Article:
US stocks halt 4-day win streak as latest China tariffs

US stocks snapped a four-session winning streak Wednesday after the Trump administration announced new tariffs on Chinese goods, further escalating tensions between the two largest economies in the world, which some investors fear could morph into a full-on trade war.

The Dow Jones Industrial Average slumped 219.21 points, or 0.9%, to 24,700.45.

The S&P 500 fell 19.82 points, or 0.7%, to 2,774.02. Only 1 of the 11 primary S&P 500 sectors closed in the green, with materials and the industrial sectors, both of which are seen as sensitive to trade issues, among the biggest losers. The energy sector also weighed on the market, tumbling more than 2% alongside a steep drop in the price of crude-oil futures. The utilities sector, up 0.9%, was the sole gainer.

The Nasdaq Composite Index shed 42.59 points, or 0.6% to 7,716.61.

Source : Marketwatch

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S&P 500, Dow try to halt 3-session skid, as trade-war fears linger

U.S. stock-market indexes struggled to push higher in early Thursday trade as worries over President Trump’s protectionist stance against trading partners outweighed a flurry of solid economic data.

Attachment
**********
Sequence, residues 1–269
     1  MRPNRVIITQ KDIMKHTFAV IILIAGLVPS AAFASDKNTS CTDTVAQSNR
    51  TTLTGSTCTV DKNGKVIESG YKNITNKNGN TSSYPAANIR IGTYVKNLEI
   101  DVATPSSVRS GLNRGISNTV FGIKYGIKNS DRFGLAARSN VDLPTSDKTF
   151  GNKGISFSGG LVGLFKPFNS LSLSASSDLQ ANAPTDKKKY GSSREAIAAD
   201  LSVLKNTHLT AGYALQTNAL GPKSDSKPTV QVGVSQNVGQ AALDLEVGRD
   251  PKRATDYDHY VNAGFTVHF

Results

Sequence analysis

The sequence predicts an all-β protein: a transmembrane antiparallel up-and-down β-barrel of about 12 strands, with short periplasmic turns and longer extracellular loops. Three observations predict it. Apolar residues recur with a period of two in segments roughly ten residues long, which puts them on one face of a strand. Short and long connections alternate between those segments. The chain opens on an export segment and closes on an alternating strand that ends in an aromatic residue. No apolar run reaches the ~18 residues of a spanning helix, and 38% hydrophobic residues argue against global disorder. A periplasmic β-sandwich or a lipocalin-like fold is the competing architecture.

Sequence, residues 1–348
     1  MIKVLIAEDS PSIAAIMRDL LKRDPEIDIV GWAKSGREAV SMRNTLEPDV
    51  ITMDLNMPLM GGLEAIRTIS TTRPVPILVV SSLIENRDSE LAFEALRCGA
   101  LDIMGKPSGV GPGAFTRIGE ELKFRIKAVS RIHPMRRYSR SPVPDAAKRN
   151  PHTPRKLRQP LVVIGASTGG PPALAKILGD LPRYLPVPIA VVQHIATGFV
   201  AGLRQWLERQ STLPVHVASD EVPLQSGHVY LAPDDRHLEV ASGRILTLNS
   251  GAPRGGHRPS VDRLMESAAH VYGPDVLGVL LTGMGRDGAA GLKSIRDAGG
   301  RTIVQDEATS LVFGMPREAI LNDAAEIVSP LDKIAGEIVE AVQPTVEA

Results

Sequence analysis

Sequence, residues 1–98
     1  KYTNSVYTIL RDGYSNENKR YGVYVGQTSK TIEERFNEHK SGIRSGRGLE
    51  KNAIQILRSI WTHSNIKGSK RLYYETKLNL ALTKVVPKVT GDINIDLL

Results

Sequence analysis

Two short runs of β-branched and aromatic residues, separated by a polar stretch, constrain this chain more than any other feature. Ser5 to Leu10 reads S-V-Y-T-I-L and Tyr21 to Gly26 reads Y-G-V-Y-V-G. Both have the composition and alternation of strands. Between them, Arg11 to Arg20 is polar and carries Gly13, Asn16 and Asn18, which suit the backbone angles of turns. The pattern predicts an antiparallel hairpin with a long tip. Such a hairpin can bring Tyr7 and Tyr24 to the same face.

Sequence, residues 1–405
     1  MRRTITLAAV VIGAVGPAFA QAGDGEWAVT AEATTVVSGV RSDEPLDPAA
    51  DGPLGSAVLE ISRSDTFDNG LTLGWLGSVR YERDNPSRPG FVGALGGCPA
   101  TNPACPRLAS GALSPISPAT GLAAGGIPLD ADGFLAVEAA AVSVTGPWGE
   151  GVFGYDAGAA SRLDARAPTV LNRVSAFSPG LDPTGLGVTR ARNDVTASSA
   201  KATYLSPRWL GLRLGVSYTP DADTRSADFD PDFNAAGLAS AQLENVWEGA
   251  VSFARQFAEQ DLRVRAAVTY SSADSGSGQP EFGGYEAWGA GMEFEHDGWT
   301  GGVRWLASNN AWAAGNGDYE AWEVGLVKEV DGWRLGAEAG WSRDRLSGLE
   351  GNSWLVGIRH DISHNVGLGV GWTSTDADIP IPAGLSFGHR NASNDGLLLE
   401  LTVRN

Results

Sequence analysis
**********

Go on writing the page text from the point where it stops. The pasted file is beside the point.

Economic releases on Thursday on jobless claims and manufacturing data indicated the domestic economy remained healthy.

The Dow Jones Industrial Average which closed lower for three straight session struggled to stay in positive territory. The blue-chip index was up 70 points to 24,828, or 0.3%.

The S&P 500 was flat at 2,751, with roughly half of its main sectors trading lower. The Nasdaq Composite lost ground, falling 5 points to 7,493, a move of less than 0.1%.

Source: Marketwatch

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Asia Stocks Halt Six-Day Rally as Japanese, Korea Shares Slide

Asian equities fell, halting a six-day rally, as futures on the S&P 500 Index traded lower and Japanese shares rounded their first loss in four sessions. South Korean stocks retreated from a two-week high while Hong Kong shares fell after the long holiday weekend.

The MSCI Asia Pacific Index fell 0.8 percent to 176.65 as of 4:54 p.m. in Hong Kong with industrial and consumer staples companies pacing the decline. The gauge rallied 4.4 percent in the previous six trading days, helping valuations rebound from the lowest since April 20, 2017. Futures on the S&P 500 slid as much as 0.5 percent earlier today.

Source : Bloomberg

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